The budget was produced two weeks ago, and it was full of promises.  Balanced budget of course, and the way I see it, this is just standard electioneering.  Hardly something that the Liberals should be criticized for as the NDP were guilty of producing shady budgets when they governed as well.  It's an election tool, plain and simple.  What the Liberals didn't account for were the events of this past week.  Last Monday, the latest opinion poll results were released.  While there are 5 or 6 different firms that conduct opinion polls, the Angus Reid Group is the most consistent.  They have conducted a poll nearly every month since the last election in 2009.  The Liberal Party hasn't led in any of these polls since 2011, and even then it was by a few percentage points.  After a couple months, the NDP retook the led and has held it ever since.  The latest numbers released on February 25th saw the NDP at 47%, the Liberals at 31%, the Greens at 10% and the Conservatives at 9%.  Certainly, with less then 3 months until the election, this had to cause concern amongst Liberal Party members.

The next day, two prominent business men, along with Conservative leader John Cummins came forward with accusations that minister Pat Bell, one of the MLAs for Prince George, had improperly promised them an inside track on a huge downtown construction project.  Sure, they are likely bitter that Pat went back on his word and the bid process went ahead with 3 other bids as "finalists", but there is likely some merit to these accusations.  One of the men had brokered a deal with the other to buy up a large parcel of downtown land in order to then sell it to the province or the University so that they could build the Wood Innovation Centre, a mega project that the Liberal Party has been touting for years.  One of the businessmen had sunk some serious money into acquiring the land from the other.  Pat Bell has denied all involvement, stating that he obviously wouldn't anything like he was being accused of, because of course it would be improper.  The best part of the story, is that the businessmen are both long term supporters of the Liberals, and one has donated funds totalling more than $100,000 to their party.  Now the party is willing to paint these men as liars and to throw them under the bus, while happily counting the money they had been given.  For a better account on the accusations and the denials see here: story.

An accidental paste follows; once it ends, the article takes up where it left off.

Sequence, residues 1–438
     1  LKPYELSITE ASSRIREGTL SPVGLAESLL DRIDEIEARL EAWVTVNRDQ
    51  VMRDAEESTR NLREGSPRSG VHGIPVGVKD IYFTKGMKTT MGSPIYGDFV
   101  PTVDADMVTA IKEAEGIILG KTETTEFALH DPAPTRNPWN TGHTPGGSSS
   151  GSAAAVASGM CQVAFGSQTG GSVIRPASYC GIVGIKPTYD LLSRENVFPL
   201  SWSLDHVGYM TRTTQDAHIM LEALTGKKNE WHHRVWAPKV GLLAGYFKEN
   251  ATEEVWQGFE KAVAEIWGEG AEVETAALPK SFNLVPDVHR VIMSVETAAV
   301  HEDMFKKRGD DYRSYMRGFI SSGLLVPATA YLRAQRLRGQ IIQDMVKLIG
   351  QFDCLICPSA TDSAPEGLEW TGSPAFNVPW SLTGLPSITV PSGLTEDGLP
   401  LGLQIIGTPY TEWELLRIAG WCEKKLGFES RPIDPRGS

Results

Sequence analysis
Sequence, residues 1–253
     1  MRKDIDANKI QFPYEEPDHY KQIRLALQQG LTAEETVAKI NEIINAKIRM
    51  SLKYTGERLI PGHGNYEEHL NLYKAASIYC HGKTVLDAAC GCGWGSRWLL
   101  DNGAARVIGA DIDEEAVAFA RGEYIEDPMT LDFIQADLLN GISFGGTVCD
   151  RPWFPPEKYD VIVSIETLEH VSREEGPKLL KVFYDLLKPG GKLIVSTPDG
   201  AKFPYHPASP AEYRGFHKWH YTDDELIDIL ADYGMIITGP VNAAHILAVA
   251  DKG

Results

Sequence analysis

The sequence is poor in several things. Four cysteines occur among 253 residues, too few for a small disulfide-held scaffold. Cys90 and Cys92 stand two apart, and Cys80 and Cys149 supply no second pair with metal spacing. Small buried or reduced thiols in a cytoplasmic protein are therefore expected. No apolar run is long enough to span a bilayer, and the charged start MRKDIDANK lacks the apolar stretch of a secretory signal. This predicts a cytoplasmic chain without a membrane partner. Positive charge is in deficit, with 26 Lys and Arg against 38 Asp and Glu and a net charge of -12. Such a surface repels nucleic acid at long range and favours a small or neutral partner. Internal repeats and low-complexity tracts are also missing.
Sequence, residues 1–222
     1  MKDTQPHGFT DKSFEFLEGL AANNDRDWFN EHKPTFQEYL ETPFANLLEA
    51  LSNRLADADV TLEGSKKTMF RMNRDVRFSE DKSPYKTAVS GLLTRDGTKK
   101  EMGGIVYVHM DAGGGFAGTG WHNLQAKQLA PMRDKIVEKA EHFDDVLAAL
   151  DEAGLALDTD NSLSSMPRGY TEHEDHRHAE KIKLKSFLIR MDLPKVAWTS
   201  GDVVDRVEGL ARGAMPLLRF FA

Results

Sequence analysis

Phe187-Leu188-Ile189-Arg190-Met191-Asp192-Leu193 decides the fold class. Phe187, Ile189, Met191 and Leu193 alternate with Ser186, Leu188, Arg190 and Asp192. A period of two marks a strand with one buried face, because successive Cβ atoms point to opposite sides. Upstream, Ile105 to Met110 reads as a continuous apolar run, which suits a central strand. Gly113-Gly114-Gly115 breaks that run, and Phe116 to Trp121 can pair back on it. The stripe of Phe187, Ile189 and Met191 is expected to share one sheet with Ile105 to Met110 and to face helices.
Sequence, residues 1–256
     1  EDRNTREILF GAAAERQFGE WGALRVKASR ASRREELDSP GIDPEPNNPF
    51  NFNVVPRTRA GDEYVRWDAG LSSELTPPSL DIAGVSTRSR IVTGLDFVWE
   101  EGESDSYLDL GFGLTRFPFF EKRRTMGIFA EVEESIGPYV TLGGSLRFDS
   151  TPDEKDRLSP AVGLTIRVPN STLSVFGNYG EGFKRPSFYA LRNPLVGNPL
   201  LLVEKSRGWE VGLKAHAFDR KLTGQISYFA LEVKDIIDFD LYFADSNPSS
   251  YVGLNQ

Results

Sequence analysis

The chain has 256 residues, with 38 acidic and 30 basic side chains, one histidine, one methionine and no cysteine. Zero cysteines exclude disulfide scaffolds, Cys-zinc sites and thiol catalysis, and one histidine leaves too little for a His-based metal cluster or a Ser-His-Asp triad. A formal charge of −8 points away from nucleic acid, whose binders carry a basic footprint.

Fast forward two more days, yipee they made it one day without a new scandal, and the now infamous memo was brought up in the Legislature by the NDP. The memo, written by Christy Clark's Chief of Staff and personal friend Kim Haakstrand, was 17 pages long and distributed via personal email to 17 or so other important members of the party.  It outlines a number of strategic ideas that were developed in order to woo the ethnic voters of the province to the Liberal Party.  While this practice is not uncommon, it is rare to see it blatantly spelled out in such a manner.  The most inappropriate thing was the plan to use tax payer funds to implement the plan.  Well, I'll be!  I thought the Pat Bell debacle was bad, then this one came along to take the cake.  Of course, there is more.  Christy refused to apologize initially, and still maintains that she knew absolutely nothing about the document.  All this while a number of the recipients are close friends of hers, including the author who is described as one of her closest personal friends, and an employee of hers for over a decade.  Many of the other recipients were close personal friends of hers.  While denying, she is also forgetting that the Chief of her Staff is employeed to help her develop policy, usually under her direction.  The next day during the sitting of the Legislature, we did recieve an apology.  Not from Christy, as she was not even present, but from her right hand man Rich Coleman who read a statement on her behalf.  She demanded an inquiry, ridiculous when you consider it, as she could just ask her best girlfriend what was going on (remember, she didn't know about it, tee hee hee).  She has now let her friend Kim get thrown under the bus, all while the RCMP has decided to get involved.  This story can be found here.

In the end, the Liberals called an emergency meeting, got together on a Sunday afternoon for a few hours and emerged a "united team".  Buy that if you want, but the whole thing stinks and likely seals the fate of the Liberal Party in the coming election.  I plan to volunteer in my local riding, doing some menial tasks as well as attending the local debates in there are any.  Shirley Bond of the Liberals who currently serves my riding classicly refused to attend any debates in the last 2 election campaigns.  Will she once again be unwilling to take part knowing she is behind in all polls this time around?  We will have to see.  Perhaps it is time I will be able to live while being governed by a party that I actually support.  This is to say nothing of the Federal government, or the local municipal government who are raising fees and taxes so rapidly I can barely afford to keep my home.  Alas, I digress.